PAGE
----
Frozen, Iron Man, Star Wars 3D-Printed Hands Coming from Open Bionics

These robotic hands are intended to stand out and allow the children to proudly wear their prosthesis. Kudos to Open Bionics.

Joel Gibbard, founder of Open Bionics, used inspiration from superheroes and comic books to create his low-cost, 3D-printed robotic hand that recently won the 2015 James Dyson Award. Gibbard and company are taking that inspiration to the next level, unveiling three superhero-infused hands designed for kids.

The company released three LED-studded designs at Techstars’ Disney Accelerator Demo Day: Star Wars, Marvel, and Frozen. The Star Wars Jedi hand was modeled by a 12-year-old boy and was designed in collaboration with Lucasfilm’s ILMxLABto to resemble Star Wars’ lightsaber. A second design resembles Tony Stark’s bionic style, and the final one looks like Elsa from Disney’s Frozen.

These robotic hands are intended to stand out and allow the children to proudly wear their prosthesis. Kudos to Open Bionics. Gibbard has talked to many prosthetic users during his journey, and he’s said the users were generally more concerned with the appearance of the prosthesis than its function.

“Now kids can get excited about their prosthetics. They won’t have to do boring physical therapy, they’ll train to become heroes,”  They’re not just getting medical devices, they’re getting bionic hands inspired by their favorite characters. The Walt Disney Company is generously donating the time of its creative teams and providing royalty free licenses. More designs coming soon!”

Open Bionics can 3D-scan an amputee and build them a custom-fit hand in less than two days. This is certainly much faster than most other prosthetics on the market, which can take weeks or months to make.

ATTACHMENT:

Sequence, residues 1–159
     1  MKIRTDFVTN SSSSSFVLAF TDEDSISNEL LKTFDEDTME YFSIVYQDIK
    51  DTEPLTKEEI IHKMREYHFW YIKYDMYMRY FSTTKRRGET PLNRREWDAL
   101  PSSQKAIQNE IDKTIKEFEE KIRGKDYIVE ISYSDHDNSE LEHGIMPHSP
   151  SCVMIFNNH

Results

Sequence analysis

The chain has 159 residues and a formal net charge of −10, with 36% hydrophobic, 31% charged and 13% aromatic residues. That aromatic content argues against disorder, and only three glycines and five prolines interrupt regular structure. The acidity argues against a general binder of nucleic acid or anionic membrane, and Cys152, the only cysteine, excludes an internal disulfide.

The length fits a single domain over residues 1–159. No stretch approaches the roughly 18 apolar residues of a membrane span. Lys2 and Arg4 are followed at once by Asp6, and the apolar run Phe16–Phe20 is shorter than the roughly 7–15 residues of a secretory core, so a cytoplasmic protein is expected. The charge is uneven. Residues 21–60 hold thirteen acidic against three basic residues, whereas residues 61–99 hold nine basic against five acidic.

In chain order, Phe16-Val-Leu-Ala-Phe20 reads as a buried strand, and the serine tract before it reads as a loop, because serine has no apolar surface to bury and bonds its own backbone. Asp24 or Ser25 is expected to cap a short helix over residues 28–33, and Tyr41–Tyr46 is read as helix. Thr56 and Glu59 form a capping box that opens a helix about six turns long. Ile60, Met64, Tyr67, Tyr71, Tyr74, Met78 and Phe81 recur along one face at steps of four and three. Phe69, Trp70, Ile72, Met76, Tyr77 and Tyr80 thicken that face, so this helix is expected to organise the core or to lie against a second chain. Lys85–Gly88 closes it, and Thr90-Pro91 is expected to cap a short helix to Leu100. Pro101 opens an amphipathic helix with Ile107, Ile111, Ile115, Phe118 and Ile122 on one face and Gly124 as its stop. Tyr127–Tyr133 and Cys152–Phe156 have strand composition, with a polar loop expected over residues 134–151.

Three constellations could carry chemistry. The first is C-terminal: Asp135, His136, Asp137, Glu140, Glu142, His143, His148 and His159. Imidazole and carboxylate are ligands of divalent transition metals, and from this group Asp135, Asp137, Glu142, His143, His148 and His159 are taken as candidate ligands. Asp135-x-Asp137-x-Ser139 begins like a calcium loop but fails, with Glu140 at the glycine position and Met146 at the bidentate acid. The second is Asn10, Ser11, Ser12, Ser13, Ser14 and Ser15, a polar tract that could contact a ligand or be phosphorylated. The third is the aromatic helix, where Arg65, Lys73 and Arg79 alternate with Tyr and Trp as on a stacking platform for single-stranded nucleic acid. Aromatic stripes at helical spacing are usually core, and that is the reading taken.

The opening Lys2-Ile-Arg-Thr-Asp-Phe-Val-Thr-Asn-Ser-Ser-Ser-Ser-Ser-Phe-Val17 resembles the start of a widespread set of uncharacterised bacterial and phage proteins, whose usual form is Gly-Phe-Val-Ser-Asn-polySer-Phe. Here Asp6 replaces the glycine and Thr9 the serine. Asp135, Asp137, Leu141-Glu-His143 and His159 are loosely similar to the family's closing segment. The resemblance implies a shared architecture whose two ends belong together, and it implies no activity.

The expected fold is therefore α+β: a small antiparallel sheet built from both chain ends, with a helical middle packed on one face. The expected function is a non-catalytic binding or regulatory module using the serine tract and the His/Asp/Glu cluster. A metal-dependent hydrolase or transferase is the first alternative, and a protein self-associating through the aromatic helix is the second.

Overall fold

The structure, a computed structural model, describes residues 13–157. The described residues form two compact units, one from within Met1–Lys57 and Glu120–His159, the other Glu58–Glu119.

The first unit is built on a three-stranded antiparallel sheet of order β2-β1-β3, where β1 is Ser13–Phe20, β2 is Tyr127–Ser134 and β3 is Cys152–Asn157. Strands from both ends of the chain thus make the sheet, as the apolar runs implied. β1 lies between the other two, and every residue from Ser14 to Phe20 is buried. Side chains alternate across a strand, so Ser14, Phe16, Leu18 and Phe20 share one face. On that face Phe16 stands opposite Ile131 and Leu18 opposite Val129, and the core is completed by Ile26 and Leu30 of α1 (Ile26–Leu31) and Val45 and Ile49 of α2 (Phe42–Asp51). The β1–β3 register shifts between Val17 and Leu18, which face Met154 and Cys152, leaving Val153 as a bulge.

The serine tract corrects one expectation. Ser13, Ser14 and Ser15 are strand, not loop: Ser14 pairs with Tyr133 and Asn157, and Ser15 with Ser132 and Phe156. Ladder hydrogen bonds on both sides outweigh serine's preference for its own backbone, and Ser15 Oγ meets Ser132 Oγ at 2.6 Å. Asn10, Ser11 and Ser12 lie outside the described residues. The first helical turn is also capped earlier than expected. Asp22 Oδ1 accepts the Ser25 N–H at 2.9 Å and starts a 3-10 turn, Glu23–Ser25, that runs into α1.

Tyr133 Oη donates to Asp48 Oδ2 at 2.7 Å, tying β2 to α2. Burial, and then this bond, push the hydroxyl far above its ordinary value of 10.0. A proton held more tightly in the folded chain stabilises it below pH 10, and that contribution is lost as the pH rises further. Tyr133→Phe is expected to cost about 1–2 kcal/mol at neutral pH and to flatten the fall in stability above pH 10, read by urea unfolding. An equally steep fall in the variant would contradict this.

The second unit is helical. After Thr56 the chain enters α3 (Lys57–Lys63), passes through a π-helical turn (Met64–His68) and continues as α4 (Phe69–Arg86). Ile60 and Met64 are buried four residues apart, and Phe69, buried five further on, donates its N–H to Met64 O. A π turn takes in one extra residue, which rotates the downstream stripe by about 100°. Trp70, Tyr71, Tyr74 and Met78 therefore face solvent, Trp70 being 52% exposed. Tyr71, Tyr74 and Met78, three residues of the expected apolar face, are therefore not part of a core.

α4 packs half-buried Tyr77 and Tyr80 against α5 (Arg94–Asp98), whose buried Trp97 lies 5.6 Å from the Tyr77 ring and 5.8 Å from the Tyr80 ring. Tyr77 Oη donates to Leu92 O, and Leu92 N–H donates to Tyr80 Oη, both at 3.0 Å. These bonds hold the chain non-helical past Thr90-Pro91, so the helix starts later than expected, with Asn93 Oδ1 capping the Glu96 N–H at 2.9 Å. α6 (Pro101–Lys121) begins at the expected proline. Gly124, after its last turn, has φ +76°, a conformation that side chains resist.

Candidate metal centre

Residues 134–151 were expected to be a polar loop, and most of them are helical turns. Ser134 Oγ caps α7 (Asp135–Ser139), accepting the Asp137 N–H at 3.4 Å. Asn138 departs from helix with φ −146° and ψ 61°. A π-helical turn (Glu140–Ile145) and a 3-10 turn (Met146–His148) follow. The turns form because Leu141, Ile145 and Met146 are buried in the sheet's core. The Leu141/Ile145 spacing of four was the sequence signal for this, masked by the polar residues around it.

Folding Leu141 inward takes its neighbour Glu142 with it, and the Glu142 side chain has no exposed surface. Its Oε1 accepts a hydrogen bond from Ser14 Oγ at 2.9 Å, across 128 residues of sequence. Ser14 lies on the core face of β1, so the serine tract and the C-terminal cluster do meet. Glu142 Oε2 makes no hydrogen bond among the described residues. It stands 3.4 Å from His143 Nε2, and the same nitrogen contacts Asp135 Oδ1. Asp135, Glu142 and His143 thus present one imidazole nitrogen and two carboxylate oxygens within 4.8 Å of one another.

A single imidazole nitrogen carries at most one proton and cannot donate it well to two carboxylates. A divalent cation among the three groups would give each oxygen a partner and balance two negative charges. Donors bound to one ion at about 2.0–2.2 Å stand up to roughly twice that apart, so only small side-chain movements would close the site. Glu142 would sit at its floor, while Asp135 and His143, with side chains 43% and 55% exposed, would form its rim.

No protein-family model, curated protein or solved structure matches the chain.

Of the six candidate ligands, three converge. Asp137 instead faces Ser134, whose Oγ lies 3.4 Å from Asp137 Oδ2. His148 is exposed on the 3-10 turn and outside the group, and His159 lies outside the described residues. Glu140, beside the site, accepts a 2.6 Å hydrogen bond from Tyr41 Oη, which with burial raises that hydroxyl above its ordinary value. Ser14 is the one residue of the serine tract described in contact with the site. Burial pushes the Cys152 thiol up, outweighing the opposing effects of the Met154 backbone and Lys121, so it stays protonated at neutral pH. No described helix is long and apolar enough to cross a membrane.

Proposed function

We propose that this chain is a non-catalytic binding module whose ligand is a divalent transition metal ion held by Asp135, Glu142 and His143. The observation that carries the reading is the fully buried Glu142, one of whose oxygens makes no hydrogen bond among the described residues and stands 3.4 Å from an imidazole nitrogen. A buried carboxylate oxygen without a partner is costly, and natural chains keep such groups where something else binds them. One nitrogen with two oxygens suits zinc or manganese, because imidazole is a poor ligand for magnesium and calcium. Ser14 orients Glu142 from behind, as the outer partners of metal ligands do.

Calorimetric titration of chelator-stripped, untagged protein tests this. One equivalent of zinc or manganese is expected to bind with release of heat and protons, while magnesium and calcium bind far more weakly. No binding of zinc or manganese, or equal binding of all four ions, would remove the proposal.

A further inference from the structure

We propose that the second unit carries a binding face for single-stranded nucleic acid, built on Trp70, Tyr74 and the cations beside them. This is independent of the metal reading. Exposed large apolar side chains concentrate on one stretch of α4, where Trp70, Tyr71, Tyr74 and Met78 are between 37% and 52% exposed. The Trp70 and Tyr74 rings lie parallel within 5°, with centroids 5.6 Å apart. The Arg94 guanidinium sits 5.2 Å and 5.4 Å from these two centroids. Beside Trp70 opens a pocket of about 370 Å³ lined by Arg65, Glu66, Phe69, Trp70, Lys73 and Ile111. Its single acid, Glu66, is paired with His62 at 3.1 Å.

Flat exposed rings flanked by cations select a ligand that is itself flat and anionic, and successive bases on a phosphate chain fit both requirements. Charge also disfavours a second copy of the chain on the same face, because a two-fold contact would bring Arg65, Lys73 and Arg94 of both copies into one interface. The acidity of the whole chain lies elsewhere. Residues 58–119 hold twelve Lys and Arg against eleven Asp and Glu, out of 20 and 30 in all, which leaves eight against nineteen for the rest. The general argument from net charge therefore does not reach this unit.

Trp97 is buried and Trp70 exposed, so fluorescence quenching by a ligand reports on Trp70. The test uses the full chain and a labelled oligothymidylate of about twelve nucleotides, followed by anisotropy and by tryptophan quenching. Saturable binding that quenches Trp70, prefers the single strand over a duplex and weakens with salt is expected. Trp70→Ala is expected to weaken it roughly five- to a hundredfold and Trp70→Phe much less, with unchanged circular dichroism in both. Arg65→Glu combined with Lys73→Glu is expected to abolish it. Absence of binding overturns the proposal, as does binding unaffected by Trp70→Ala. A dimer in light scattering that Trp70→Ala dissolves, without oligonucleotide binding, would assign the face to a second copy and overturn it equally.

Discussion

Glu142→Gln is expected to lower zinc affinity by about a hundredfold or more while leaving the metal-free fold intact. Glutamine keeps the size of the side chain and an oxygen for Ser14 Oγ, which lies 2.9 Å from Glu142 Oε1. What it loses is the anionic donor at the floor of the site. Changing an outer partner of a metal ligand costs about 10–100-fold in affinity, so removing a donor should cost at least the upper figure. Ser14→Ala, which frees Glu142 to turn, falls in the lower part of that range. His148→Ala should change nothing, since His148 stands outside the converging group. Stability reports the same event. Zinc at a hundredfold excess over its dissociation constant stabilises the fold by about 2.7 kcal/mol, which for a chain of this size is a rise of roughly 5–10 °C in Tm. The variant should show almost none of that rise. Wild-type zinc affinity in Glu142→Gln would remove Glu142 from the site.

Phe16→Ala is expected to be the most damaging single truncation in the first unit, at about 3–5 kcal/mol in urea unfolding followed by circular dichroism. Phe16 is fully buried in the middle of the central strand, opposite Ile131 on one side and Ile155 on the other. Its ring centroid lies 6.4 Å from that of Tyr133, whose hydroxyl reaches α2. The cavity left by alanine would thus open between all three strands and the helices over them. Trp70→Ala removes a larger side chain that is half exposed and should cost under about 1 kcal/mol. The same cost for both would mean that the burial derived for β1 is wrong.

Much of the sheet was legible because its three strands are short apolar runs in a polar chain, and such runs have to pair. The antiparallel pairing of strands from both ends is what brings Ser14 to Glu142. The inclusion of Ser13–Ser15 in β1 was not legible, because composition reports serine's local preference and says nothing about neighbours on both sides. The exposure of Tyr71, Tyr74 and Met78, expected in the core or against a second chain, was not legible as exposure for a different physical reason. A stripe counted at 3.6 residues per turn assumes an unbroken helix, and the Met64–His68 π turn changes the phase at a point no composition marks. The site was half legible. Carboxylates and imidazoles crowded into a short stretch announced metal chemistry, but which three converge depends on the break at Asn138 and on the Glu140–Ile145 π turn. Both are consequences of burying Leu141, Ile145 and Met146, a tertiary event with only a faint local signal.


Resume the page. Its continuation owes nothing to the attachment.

Open Bionics has also found a way to create the robotic hands at a much lower cost. The company says other available options cost around $100,000 while its 3D-printed hands can cost under $1,000 per hand. The hands work by connecting into the muscles in the upper forearm. Myoelectric sensors are used to take messages from the muscles and uses them to control the hand.

“The problem of current robotic prosthetics is their financial barriers. The only alternative to a robotic prosthetic is a cosmetic hand that is function-less and heavy, or an alienating hook,” Gibbard has previously said. “I can 3D print a robotic prosthetic hand inspired by comic books and superheros that hand amputees enjoy showing off for a fraction of the price.”

Gibbard hopes to start selling the product in the second half of 2016.

About the Author

Steve Crowe · Steve Crowe is managing editor of Robotics Trends. Steve has been writing about technology since 2008. He lives in Belchertown, MA with his wife and daughter.
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